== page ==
Because (like many of you, I suspect) I’m on a budget and I rent the home I live in, I can’t build an extravagant gardening infrastructure on my property. That doesn’t keep me, however, from dreaming of bigger plots and collaborating with my community on gardens. Here are some recent posts and articles I found inspirational in one way or another:
Margaret Roach reminds us that, even if we live in climates without year-round growing seasons, there’s still time to put certain cooler-weather plants in the ground. Check out her list for seeds and seedlings that it might not yet be too late to plant.
Slugs have attacked my strawberry pots, so I’m experiencing a shortage of strawberries. Barbara Ganley’s video on how to make French-style strawberry jam, however, makes me want to buy bushels of strawberries from a local farm.*
Inside Urban Green provides tips on how to transform your ceramic pots into sub-irrigated planters–without having to drill an extra hole in the side of the pots.
The thriving community garden movement in Oakland is both metaphorically and literally in full bloom. Oakland’s efforts to bring local food to communities that lack even grocery stores has brought into partnership some really great organizations. Definitely click through to find out what they’re up to.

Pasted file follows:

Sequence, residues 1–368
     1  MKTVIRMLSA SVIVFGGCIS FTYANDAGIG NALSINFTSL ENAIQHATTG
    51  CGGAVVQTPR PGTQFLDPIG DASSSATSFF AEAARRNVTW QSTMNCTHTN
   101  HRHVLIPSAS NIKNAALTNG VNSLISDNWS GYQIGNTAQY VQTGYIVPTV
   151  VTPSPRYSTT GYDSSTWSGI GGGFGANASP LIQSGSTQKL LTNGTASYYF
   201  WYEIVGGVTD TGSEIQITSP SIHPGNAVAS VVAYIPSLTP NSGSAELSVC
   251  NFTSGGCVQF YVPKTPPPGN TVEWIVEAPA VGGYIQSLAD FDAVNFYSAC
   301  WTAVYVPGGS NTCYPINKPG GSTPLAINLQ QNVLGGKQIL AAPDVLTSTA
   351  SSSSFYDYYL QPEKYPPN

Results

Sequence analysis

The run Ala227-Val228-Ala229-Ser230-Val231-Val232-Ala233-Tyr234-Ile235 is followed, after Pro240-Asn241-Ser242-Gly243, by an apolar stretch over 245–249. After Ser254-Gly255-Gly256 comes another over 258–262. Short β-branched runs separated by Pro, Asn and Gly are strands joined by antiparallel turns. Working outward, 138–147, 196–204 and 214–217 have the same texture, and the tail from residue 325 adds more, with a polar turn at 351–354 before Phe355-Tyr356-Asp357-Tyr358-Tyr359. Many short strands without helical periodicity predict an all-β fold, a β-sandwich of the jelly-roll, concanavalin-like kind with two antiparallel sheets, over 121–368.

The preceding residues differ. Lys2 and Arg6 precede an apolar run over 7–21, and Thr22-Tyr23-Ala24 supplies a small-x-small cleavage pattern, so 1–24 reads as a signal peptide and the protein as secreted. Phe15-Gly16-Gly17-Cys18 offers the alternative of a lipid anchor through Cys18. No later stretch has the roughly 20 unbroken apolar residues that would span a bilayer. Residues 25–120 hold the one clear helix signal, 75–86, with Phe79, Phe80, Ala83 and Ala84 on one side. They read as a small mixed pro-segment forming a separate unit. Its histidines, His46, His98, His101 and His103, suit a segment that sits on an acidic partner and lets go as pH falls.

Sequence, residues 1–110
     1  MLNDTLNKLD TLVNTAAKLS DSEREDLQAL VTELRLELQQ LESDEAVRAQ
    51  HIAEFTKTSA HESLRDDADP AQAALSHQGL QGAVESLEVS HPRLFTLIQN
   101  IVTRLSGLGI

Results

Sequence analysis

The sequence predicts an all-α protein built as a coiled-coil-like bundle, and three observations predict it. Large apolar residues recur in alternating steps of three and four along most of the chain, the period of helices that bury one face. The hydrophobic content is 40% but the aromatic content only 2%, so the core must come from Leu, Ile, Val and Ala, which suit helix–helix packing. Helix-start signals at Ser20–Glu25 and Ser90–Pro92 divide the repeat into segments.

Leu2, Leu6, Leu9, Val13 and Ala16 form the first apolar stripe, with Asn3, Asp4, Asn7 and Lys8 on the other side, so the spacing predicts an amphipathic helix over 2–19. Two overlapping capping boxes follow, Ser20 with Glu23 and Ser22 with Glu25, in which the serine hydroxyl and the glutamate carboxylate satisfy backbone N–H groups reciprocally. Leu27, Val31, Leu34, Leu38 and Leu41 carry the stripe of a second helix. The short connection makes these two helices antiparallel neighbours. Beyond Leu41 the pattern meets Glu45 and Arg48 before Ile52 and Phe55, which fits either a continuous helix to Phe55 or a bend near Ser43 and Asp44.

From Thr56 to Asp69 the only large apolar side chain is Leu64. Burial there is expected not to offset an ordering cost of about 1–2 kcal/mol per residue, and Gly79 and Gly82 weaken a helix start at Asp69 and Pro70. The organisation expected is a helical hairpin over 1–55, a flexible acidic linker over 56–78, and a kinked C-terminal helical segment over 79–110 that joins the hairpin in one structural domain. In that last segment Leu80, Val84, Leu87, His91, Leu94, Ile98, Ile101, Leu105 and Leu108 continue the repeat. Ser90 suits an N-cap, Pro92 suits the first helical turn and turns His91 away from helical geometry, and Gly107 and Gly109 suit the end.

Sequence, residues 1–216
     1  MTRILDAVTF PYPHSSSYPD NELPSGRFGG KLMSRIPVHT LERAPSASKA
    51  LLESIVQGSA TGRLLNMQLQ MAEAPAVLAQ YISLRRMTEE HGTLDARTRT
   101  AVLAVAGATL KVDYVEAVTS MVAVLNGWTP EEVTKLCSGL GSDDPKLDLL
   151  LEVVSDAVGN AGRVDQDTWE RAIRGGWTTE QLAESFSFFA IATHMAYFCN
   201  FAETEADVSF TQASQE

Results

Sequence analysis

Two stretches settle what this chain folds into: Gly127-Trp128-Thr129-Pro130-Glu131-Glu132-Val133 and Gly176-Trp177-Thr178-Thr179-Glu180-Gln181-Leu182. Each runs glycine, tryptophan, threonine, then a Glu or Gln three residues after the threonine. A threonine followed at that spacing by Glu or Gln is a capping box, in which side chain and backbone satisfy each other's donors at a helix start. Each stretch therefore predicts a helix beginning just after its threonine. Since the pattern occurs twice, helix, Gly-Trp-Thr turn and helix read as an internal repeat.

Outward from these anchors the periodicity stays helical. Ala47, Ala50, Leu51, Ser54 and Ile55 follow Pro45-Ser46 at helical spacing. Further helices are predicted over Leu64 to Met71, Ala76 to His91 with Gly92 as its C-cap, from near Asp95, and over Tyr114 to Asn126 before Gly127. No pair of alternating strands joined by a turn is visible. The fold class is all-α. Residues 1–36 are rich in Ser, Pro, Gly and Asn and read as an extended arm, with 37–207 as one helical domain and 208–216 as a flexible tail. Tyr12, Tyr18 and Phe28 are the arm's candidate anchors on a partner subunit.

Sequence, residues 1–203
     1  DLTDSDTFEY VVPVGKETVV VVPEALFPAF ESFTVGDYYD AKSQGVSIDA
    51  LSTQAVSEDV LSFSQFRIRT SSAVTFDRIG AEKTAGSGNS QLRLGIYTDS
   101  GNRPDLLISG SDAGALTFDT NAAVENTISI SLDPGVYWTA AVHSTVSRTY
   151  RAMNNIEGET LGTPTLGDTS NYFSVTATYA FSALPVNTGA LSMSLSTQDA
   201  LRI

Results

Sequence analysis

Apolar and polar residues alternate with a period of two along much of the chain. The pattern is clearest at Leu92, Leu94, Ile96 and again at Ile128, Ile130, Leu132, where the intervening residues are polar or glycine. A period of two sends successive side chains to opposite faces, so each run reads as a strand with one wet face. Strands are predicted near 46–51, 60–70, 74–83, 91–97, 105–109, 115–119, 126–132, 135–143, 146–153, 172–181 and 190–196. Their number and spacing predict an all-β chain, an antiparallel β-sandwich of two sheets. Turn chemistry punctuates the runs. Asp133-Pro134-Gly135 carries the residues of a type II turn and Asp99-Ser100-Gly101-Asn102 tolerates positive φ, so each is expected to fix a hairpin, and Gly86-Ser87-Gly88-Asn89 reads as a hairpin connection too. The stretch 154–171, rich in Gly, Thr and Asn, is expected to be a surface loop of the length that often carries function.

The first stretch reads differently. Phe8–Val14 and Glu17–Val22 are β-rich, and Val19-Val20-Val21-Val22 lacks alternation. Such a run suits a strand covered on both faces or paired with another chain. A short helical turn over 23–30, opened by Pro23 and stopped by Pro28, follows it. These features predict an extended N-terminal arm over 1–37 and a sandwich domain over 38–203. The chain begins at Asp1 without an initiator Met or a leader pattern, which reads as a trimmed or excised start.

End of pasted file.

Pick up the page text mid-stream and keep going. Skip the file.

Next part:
Thinking of growing the scale of your gardening, and making the transition from urban gardening to urban agriculture? You might find some inspiration in Inhabitat’s post about the top 5 urban farms in New York City.
Meanwhile, urban farmers in Los Angeles are trying to save South Central Farm. Visit their site to see what you can do to help.
What urban gardening and urban farming news and techniques are you finding interesting these days? Feel free to leave links (even to your own gardening sites) in the comments.
* That fledgling directory of Treasure Valley (Idaho) farms emerged from a student project in my public history course. Their Facebook page is still a work in progress, but the project is the brainchild of some amazing young women, so I encourage you to “Like” their page so you can stay posted about their work.
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